Macro Digest: Why the Fed is more likely to pause today than hike. Macro Digest: Why the Fed is more likely to pause today than hike. Macro Digest: Why the Fed is more likely to pause today than hike.

Macro Digest: Why the Fed is more likely to pause today than hike.

Steen Jakobsen

Chief Investment Officer

Summary:  As market conditions have calmed over the last few sessions, a strong majority of market participants are looking for the Fed to hike the Fed Funds rate another 25 basis points today. But we see a strong risk of a Fed pause here as the Fed may prefer throw itself into neutral here rather than having to execute a pivot to cutting rates not long after hiking them again because the situation has deteriorated further.

What: Tonight’s FOMC meeting
Consensus: +25 basis points (85%+ probability priced)
y call: No change (75% probability)

Disclaimer: I have no special insight, just trying to weigh as many variables as possible here. The bottom line is that the Fed may decide it is preferable to pause now and then either resume hiking if financial conditions calm quickly since inflation is still a pressing concern, or quickly start cutting if conditions deteriorate badly and the economy is seen at risk. More embarrassing to hike now only to have to quickly pivot later.

The arguments in favor of hiking 25 basis points:                                   

  • The ECB last week did well to stay focused on inflation credentials, which was again confirmed in a speech from President Lagarde this morning, by the same token Fed Powell could use this “model”, even if his hand is weaker as ECB didn’t have any bank troubles, Powell does and the fundamental problem of securing 4,300 regional & local bank in the US is now political and always has been.
  • If there had been no banking crisis, Fed would have hiked 50 bps tonight – 25 bps is compromise and if it comes with signal of “pause” – it probably has the right balance of “stepping down” when also reinforced with a clear signal of FOMC moving to pause if trouble continues. Market could interpret this as Fed saying: “We are data dependent....But we also have “data patience”.
  • Inflation remains high despite energy being on the low. Any mean-reversion going forward on energy would increase likelihood of sticky inflation for long. (Comment: Technically an interesting “Hammer” has formed in oil charts yesterday and Brent is at least 5$ below 80-100 $ range expected by commodity traders and the net demand increases seen from China)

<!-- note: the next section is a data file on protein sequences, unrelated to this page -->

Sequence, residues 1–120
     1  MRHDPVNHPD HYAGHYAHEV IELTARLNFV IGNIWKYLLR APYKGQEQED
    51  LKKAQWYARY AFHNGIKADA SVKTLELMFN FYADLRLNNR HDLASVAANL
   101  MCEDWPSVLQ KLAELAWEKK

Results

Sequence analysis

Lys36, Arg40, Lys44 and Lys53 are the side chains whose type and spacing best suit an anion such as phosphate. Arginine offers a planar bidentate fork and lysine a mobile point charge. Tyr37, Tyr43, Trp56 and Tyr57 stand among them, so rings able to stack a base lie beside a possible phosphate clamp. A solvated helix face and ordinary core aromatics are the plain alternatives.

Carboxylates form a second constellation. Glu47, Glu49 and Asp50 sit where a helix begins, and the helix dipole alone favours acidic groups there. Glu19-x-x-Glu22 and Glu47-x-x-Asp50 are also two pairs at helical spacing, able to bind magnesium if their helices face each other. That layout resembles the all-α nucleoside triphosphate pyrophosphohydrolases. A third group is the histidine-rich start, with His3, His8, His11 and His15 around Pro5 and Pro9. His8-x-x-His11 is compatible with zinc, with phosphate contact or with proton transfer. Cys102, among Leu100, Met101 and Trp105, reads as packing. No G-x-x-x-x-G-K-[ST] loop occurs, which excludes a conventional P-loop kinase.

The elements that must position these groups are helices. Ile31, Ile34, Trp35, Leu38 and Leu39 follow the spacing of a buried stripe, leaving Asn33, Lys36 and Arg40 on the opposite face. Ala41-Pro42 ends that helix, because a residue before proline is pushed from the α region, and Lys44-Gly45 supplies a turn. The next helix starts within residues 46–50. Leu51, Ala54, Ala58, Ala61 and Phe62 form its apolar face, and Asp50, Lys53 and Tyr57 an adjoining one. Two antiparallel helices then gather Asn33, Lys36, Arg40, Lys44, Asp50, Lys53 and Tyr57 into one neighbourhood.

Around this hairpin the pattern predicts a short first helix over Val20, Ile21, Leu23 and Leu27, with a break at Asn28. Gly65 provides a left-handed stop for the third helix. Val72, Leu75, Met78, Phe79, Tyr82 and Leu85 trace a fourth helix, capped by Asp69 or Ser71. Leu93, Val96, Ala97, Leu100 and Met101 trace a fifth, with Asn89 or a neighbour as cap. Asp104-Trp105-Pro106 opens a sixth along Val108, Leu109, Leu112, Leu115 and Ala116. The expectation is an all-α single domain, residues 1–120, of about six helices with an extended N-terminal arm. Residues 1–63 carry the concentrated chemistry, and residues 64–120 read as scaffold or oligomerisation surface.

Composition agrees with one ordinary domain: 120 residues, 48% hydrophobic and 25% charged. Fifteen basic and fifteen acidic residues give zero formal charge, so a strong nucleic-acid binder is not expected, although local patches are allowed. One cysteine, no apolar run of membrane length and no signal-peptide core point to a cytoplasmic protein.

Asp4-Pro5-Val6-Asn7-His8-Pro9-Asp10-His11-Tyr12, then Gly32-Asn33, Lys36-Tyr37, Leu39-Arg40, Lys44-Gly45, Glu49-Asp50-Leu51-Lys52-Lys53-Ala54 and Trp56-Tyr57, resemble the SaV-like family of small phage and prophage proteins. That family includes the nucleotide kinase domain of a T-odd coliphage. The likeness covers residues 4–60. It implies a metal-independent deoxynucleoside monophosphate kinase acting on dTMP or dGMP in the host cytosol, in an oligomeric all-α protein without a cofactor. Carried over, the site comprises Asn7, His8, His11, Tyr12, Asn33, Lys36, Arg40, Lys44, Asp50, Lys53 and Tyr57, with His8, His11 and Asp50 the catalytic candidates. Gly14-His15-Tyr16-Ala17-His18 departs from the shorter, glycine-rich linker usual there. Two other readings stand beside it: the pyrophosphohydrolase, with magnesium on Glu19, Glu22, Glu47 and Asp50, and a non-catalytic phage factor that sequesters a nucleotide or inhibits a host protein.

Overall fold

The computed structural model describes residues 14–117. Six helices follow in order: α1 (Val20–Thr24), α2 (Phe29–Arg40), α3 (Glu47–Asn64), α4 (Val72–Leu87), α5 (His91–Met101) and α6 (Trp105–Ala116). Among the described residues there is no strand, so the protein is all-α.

• Tactically there is no doubt that that delivering what the market expects is assumed to create the least room for interpretations of why the Fed surprised. (Comment: No one knows!!)
  • The baseline is important (H/T: MG) Pre-crisis we were at nearly 5.75% for the Fed terminal rate. The market is now under 5.00 and December is priced at below 4.50%, i.e., for cuts. In order to get these cuts, credit conditions would need to be 25% worse than they are now (they are poor already) – Meaning on fair valuation, the market has priced too much in the forward curve and delivering +25 bps would off-set some of that and send the right signal to the market.

Arguments in favour of a Fed pause today:

  • The market is pricing 50 bps (2 Fed cuts) between peak rates at this meeting or next and December 2023. Why would FOMC move rates up only to have to do embarrassing U-turn at the next meeting (Mind you the US short-end moves rates up +/- 50 bps every three hours over the last week or the equivalent of 2 FED cut/hikes, so why should we give this any credit?)
  • Regional and local banks are critical to the US economy. The US is unique in its banking structure needing 4,300 banks to service rural America. These banks are as much as 150-175 years old and a central instrument for keeping local America financed and growing. This means political capital is behind these banks and as such they are “untouchable”. This means Powell will need to back Treasury Sec Yellen on blanket support for deposits well knowing such a scheme has no chance in passing Congress. This is not only about political capital but also about “market functioning”. The fact is money is still leaving regional banks in size.
  • Going to pause directly is far more credible than hiking now only to cut next time. The outside risk is a +25 bps would be similar to Trichet’s hike into the 2008 crisis (considered the worst central move ever anywhere – but of course employment was much worse then) – tactically zero is the right medicine in times of uncertainty. The truth is no one knows if Fed in 18 month have hiked 100-150 bps or cut them by same amount!
  • Finally my 4-Factor Models: Monetary indicates that if the Fed hikes, it will make things worse: The 4-factor model on monetary is neutral on financial conditions. We are exactly at the average for the last year. Bond volatility is trading in the fourth quartile: Index 80 is the long-term average expected and the 12-month average is index 126: we are at 162 despite “calm” returning over last 48 hours) This favors no change. Dollar Index: neutral. FED next 18 months – indicates 109 bps of cuts. This is low of the last 12 months and favors cuts.

Source: Bloomberg
  • The 4-factor Credit model is even clearer. The AT1 ETF, a proxy for banking crisis after Credit Suisse ATF debt was wiped out, is at a low. Inflation fixing 12-month forward is at 283 bps – well inside what Fed could expect (ie. Not alarming inflation expectations) Credit spreads show moderate stress, sitting well above average: +481 Bps vs. 12-month average of 398 bps.
Source: Bloomberg

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